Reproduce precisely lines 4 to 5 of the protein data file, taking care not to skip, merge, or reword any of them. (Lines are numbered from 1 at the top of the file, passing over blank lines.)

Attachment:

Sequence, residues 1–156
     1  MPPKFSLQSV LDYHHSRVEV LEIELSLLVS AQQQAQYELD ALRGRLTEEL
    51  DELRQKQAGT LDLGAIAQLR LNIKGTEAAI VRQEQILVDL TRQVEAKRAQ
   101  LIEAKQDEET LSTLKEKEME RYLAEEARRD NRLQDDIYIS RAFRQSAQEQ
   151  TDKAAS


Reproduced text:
   101  LIEAKQDEET LSTLKEKEME RYLAEEARRD NRLQDDIYIS RAFRQSAQEQ
   151  TDKAAS